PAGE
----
The raw-accuracies/ directory contains a .txt file for each experiment with a table of all accuracies (split by experimental condition and subject/network). This therefore contains the underlying data used for all accuracy plots in the paper, and may be useful, for example, if one would like to generate new plots for comparing other networks to our human observers' accuracies. Note that all accuracies reported in these files are percentages.


This directory contains the raw data for all experiments reported in the paper, including a total number of 82,880 human trials in a controlled lab setting. This directory has three subdirectories: humans/ for human data, TF/ for data from pre-trained networks (evaluated with TensorFlow, hence the abbreviation), and fine-tuning/. This third directory contains data from our network training experiments (ResNet-50 trained on a potentially distorted version of 16-class-ImageNet). Note that the directory name may be somewhat misleading, as the networks were trained from scratch rather than fine-tuned.

Every .csv raw data file has a header with the bold categories below, here's what they stand for:

  • subj: for DNNs (Deep Neural Networks), name of network; for human observers: number of subject. This number is consistent across experiments. Note that the subjects were not necessarily given consecutive numbers, therefore it can be the case that e.g. 'subject-04' does not exist in some or all experiments.

  • session: session number

  • trial: trial number

  • rt: reaction time in seconds, or 'NaN' for DNNs

  • object_response: the response given, or 'na' (no answer) if human subjects failed to respond

  • category: the presented category

  • condition: short indicator of the condition of the presented stimulus. Color-experiment: 'cr' for color, 'bw' for grayscale images; contrast-experiment: 'c100', 'c50', ... 'c01' for 100%, 50%, ... 1% nominal contrast; noise-experiment: '0', '0.03', ... '0.9' for noise width; eidolon-experiment: in the form 'a-b-c', indicating:

    • a is the parameter value for 'reach', in {1,2,4,8,...128}
    • b in {0,3,10} for coherence value of 0.0, 0.3, or 1.0; these are refered to as Eidolon III, Eidolon II and Eidolon I in the paper.
    • c = 10 for grain value of 10.0 (not varied in this experiment)
  • imagename:

e.g. 3841_eid_dnn_1-0-10_knife_10_n03041632_32377.JPEG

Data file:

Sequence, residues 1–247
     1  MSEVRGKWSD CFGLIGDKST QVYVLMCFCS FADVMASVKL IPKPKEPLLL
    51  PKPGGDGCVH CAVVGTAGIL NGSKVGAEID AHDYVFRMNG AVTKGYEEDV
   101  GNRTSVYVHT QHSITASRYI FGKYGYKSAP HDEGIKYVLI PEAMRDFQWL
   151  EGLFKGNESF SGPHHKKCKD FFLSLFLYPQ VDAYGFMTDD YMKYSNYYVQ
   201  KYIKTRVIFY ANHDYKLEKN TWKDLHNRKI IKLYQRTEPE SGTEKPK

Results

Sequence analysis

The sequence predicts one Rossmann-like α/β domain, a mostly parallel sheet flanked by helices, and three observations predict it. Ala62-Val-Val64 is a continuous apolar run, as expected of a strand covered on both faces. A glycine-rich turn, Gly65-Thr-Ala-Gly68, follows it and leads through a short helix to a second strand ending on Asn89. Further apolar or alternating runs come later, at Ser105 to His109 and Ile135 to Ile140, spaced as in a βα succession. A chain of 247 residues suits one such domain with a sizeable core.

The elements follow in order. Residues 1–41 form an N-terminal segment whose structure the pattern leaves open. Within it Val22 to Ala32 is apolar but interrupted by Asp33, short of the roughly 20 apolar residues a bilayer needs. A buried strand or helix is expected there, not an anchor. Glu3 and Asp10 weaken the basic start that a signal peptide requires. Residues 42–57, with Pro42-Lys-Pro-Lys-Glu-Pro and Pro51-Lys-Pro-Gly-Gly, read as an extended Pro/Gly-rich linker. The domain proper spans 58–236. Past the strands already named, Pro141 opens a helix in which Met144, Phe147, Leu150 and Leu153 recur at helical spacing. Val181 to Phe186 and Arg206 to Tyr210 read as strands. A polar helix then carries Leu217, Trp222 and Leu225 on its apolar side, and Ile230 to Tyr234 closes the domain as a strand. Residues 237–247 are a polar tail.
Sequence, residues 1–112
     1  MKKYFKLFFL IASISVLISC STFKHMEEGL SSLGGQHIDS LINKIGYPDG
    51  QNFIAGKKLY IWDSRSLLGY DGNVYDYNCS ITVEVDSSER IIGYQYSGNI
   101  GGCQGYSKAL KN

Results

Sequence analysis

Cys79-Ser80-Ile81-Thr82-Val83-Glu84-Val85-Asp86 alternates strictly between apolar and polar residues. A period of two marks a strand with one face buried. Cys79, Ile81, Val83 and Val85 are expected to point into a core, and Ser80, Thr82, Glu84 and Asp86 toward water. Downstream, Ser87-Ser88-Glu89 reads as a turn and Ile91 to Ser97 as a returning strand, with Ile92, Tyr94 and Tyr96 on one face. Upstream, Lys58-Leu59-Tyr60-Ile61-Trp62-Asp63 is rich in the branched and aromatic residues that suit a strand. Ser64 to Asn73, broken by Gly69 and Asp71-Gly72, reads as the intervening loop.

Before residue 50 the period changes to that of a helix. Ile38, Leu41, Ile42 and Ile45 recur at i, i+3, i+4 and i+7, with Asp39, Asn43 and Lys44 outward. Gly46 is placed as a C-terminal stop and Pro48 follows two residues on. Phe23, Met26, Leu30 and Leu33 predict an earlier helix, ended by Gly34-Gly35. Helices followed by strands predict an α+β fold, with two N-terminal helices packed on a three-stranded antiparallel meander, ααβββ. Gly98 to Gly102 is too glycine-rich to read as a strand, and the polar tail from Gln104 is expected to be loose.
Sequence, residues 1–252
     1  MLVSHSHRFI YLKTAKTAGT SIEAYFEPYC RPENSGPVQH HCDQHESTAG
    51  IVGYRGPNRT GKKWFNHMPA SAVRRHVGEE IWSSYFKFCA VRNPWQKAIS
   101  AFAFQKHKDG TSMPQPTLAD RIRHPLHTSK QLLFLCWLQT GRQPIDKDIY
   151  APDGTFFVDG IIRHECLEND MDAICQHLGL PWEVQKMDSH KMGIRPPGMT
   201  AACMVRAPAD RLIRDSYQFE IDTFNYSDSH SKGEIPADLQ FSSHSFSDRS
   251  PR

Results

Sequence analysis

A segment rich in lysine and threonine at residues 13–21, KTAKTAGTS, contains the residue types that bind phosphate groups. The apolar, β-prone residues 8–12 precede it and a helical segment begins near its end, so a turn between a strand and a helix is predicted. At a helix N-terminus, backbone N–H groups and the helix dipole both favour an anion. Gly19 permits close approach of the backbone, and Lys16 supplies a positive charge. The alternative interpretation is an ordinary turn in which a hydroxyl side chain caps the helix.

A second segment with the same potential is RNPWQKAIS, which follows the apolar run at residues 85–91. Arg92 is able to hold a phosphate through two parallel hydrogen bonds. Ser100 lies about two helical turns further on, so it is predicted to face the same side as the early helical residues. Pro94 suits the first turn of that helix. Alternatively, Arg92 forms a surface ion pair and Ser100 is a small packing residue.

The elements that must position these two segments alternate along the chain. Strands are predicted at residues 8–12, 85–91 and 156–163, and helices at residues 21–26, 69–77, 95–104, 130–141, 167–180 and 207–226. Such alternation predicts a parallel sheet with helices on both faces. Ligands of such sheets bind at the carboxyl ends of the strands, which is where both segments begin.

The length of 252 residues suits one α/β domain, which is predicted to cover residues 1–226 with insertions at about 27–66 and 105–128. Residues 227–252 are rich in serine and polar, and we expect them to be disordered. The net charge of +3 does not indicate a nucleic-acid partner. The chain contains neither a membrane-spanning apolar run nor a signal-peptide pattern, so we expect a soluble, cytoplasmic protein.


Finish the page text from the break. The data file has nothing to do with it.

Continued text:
This is a concatenation of the following information (separated by '_'):

  1. a four-digit number starting with 0000 for the first image in an experiment; the last image therefore has the number n-1 if n is the number of images in a certain experiment
  2. short code for experiment name, e.g. 'eid' for eidolon-experiment
  3. either e.g. 's01' for 'subject-01', or 'dnn' for DNNs
  4. condition
  5. category (ground truth)
  6. a number (just ignore it)
  7. image identifier in the form a_b.JPEG (or a_b.png), with a being the WNID (WordNet ID) of the corresponding synset and b being an integer.

Note that we collected human data for the contrast-experiment with both JPEG and png images, as explained in the paper. The experiment name contrast-experiment refers to data obtained with JPEG images (5 observers); the name contrast-png-experiment refers to data obtained with png images (3 observers, a subset of the 5 observers for the experiment with JPEG images).

Additionally, all .csv files belonging to the used pretrained DNNs, have a few extra columns (only object_response_sums and entropy_1000 were used). The suffix $_16$ indicates that the respective measure was taken over our 16 entry-level categories, "_1000" indicates calculation over the 1000 ImageNet classes.

  • object_response_sums: the networks response, when summing over the predictions mapping to a certain of our entry-level categories.

  • entropy_1000: the prediction entropy between the 1000 ImageNet classes (as measure of uncertainty)

  • entropy_16: the prediction entropy between our 16 entry-level categories (as measure of uncertainty)

  • highest_prob_16: the highest probability belonging to one of our 16 entry-level categories (as measure of uncertainty)

  • prob_correct_16: the probability of the correct category (as measure of performance)

  • rank_correct_16: the rank of the correct category's softmax value within the 16 entry-level categories (performance measure)

  • <measure>_sums: same measures as above, but when summing over probabilities mapping to the same entry-level category


Data, code & materials from the paper "Generalisation in humans and deep neural networks" (NeurIPS 2018)